One year ago, Arizona Sen. Jeff Flake and fellow members of the bipartisan Gang of Eight watched as the immigration bill they helped negotiate swept the Senate to chants of "Yes, we can!"
Now, as immigration legislation is still stalled in the House, the Republican senator puts the odds of enacting significant immigration legislation this year at "close to zero," its prospects further undermined by the flood of unaccompanied minors from Central America streaming over the southern border.
In an interview Tuesday with Capital Download, Flake urged President Obama to go before cameras to address families in Honduras, Guatemala and elsewhere who believe their children might be able to gain legal status in the USA. In 2012, the president took executive action permitting the so-called Dreamers — young people who had grown up in the USA after being brought here illegally by their parents — to work legally and get such official documents as driver's licenses.
"It would be helpful, I believe, if the president himself were to stand and say, 'If you come here, you will not be afforded any legal status; you will likely be deported,' " Flake told USA TODAY's weekly video news maker series. "That would carry a lot more weight than a directive from the secretary of Homeland Security or the vice president," who in recent days have tried to make that argument.
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The belief that their children might be able to stay in the USA — an argument sometimes made by human traffickers seeking payment to transport illegal immigrants — is "the primary driver of the traffic northward now," Flake said. The spike in unaccompanied children making the dangerous and illegal journey has taken a humanitarian toll on them and strained U.S. resources to care for them in Texas and elsewhere.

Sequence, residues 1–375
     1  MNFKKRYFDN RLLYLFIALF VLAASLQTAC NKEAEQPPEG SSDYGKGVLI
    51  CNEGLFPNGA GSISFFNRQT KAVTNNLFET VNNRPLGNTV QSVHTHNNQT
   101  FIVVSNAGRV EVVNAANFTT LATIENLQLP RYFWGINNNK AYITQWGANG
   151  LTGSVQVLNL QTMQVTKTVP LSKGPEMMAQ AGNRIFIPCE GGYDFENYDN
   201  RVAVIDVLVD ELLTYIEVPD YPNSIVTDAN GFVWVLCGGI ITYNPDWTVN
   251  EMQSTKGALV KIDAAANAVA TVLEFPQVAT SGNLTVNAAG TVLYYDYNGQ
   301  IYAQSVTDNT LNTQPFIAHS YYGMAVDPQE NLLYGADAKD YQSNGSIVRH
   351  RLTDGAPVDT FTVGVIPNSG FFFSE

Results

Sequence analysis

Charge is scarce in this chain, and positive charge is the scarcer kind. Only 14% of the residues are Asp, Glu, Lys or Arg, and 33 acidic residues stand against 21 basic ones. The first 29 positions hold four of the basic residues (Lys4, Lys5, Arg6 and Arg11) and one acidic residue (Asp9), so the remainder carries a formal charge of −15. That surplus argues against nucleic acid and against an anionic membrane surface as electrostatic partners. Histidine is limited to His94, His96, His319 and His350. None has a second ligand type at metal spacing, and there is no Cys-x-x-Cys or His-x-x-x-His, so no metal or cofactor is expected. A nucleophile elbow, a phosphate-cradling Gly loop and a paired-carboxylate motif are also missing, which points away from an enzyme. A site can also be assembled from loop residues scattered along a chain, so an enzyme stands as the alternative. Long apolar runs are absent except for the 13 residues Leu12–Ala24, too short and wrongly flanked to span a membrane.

It also has hurt efforts to overhaul the nation's immigration system. "It feeds the narrative, particularly on the Republican side, that the president is unwilling to enforce the law," Flake said, "and when the president takes unilateral action without working with Congress, anything that feeds that narrative makes it more difficult to move ahead with legislation."
Another hurdle: the defeat of House Majority Leader Eric Cantor in a Virginia primary this month after his challenger attacked him as too willing to act on immigration. Though Flake argued that immigration wasn't the key factor behind Cantor's defeat, "I do think it did spook some Republicans."
Flake, 51, bucked the Republican leadership during his five terms in the House by advocating a comprehensive immigration bill. Elected to the Senate in 2012, he was one of four Republicans who joined with four Democrats in negotiating legislation that would have provided a path to legal status for some of the millions of undocumented workers in the USA, tied to border security.
When the measure passed the Senate 68-32 a year ago Friday, Flake was optimistic. "I thought if we had a big enough vote in the Senate," the political momentum would propel it through the House. "I thought that this would do it."
It didn't. "It's tough terrain over in the House on this subject and just in general," he said.
If the GOP gains control of the Senate in November's midterm elections, Flake hopes a Republican-controlled House and Senate will be able to agree on less sweeping measures on immigration that Obama would be willing to sign. "Maybe we do it differently, more like the House wanted to do it, piecemeal," he said.
Taking action is important for policy and politics, he said, warning that otherwise Republicans risk catastrophe in the 2016 presidential election.
"It's going to be difficult to win national elections if we don't deal with this situation rationally," he said. For former Florida governor Jeb Bush, support of an immigration overhaul could complicate his bid for the Republican presidential nomination in 2016, if he decides to make one.
"I think it makes it more difficult in certain states and in certain regions perhaps," Flake said. "Having said that, I think Republicans want to win not just primaries but the general election as well. I think it makes him far more electable in a general election."
--By USA Today